By Angela Morris (ABA Journal, February 2019)
David Silver learned about cryptocurrency the way a lot of people do—at a dinner party.
It was 2014 and there was one person at the dinner table who was heavy into bitcoin mining—the computer-powered competition that creates new bitcoins. It was the first Silver and most of his friends, who were on a trip to Utah as part of their service on a nonprofit philanthropic foundation’s board, had ever heard of it. But after the dinner conversation, Silver returned home to Florida and found himself the beneficiary of philanthropy from this miner.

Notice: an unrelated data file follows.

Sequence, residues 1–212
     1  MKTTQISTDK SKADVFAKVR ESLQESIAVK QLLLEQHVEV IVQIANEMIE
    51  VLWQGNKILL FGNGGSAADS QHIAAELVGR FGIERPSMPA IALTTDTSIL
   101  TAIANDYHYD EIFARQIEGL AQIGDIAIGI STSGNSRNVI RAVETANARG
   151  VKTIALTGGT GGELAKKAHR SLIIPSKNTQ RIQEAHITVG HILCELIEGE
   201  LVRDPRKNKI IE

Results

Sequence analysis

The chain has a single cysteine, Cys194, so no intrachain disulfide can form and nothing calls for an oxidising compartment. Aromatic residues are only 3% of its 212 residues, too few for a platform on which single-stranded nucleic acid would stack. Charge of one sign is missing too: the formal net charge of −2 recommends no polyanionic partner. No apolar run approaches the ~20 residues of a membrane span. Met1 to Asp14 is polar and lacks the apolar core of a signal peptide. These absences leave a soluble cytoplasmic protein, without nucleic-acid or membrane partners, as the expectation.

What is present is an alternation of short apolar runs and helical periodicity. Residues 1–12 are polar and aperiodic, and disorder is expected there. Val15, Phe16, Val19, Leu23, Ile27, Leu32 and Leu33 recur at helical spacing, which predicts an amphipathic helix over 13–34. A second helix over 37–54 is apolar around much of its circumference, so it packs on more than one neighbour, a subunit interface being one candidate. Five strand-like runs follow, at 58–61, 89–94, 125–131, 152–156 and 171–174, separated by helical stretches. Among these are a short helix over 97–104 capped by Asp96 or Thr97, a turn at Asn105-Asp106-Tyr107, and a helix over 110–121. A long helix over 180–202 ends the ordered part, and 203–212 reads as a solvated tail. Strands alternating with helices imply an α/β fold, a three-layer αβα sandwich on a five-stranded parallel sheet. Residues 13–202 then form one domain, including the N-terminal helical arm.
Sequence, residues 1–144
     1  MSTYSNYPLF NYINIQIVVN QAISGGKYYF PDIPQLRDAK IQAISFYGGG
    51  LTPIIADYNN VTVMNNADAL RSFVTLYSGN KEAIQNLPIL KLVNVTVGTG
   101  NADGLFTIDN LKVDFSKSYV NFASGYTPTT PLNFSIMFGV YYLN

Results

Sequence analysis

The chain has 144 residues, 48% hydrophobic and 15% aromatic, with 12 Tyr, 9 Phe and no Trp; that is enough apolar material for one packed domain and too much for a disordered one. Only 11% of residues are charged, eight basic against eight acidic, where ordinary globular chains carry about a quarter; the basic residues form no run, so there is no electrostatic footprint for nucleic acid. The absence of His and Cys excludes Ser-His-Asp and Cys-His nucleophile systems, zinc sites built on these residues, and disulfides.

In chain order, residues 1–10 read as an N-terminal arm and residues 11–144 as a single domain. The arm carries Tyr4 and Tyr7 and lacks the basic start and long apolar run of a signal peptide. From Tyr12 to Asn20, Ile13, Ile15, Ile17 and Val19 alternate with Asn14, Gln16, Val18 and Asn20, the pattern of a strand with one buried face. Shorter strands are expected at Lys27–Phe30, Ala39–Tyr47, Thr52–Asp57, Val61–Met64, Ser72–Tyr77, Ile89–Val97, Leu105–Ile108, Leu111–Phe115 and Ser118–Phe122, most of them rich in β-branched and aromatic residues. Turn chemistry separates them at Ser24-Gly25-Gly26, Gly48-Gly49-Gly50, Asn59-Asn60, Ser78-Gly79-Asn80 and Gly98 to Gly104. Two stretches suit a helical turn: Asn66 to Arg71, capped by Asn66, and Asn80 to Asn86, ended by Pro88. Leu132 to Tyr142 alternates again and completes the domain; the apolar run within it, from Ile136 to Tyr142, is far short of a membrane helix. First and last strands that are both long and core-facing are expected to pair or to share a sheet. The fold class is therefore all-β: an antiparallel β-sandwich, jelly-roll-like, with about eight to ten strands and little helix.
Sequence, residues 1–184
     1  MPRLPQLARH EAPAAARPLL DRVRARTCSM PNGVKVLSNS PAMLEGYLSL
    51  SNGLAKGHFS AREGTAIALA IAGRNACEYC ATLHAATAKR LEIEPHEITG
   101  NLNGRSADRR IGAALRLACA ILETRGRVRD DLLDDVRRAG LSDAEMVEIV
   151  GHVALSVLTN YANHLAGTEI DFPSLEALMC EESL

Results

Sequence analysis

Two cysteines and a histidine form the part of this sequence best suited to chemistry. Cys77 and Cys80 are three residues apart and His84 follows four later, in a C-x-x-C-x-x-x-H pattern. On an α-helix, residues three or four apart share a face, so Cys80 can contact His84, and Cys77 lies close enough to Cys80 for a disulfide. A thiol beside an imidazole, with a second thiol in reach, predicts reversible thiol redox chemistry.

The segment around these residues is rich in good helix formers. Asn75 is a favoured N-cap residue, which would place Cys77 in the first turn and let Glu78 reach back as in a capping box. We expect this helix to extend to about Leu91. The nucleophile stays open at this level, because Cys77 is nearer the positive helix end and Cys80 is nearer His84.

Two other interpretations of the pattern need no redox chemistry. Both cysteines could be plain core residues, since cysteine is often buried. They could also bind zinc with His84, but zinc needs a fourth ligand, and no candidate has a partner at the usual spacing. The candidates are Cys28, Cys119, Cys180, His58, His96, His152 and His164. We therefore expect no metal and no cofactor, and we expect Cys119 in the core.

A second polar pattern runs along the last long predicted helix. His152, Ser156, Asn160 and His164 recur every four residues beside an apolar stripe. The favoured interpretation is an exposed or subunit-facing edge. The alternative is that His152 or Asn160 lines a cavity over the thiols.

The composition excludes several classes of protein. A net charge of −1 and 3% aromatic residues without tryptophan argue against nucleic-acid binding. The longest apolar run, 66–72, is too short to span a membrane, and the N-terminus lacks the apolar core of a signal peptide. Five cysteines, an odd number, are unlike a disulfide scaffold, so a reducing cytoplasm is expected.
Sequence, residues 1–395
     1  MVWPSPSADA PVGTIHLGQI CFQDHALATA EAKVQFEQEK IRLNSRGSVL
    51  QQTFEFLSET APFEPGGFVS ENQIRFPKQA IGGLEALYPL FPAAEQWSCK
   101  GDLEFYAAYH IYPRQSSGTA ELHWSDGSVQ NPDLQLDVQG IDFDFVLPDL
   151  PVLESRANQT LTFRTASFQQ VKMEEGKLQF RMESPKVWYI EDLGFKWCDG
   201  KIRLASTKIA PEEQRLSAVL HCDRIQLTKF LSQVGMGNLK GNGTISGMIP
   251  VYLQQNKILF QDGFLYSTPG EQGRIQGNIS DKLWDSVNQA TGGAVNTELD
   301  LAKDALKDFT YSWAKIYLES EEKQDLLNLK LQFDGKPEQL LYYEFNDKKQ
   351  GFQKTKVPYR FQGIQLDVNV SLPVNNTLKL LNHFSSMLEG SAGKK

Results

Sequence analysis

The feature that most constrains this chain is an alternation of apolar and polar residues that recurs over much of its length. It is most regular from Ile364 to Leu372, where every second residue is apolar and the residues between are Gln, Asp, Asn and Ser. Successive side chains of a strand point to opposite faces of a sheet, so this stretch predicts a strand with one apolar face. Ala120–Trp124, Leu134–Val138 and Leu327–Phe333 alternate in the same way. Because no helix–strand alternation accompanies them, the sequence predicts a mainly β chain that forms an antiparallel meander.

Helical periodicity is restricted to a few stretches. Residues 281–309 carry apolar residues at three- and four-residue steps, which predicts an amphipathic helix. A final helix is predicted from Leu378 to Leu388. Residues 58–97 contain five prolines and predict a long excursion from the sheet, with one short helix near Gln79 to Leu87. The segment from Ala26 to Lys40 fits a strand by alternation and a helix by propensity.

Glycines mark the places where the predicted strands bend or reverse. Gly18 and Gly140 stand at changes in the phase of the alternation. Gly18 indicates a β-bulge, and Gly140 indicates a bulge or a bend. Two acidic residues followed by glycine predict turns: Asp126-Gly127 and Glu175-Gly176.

“He gave everyone bitcoin,” recalled Silver, who received five bitcoins—worth over $1,500 back then. Silver still holds them, worth more than $18,705 at presstime, down significantly from $95,000 in December 2017 when bitcoin hit an all-time high.
The world of cryptocurrency soon spilled over into his practice. He learned that the under-regulated industry has tremendous potential for fraud and that investors have suffered real losses. The Coral Springs, Florida-based plaintiffs’ attorney, who had mainly concentrated on securities and financial fraud cases, began to carve out a niche representing allegedly defrauded cryptocurrency investors in class-action lawsuits against the largest crypto exchanges and companies that conducted initial coin offerings.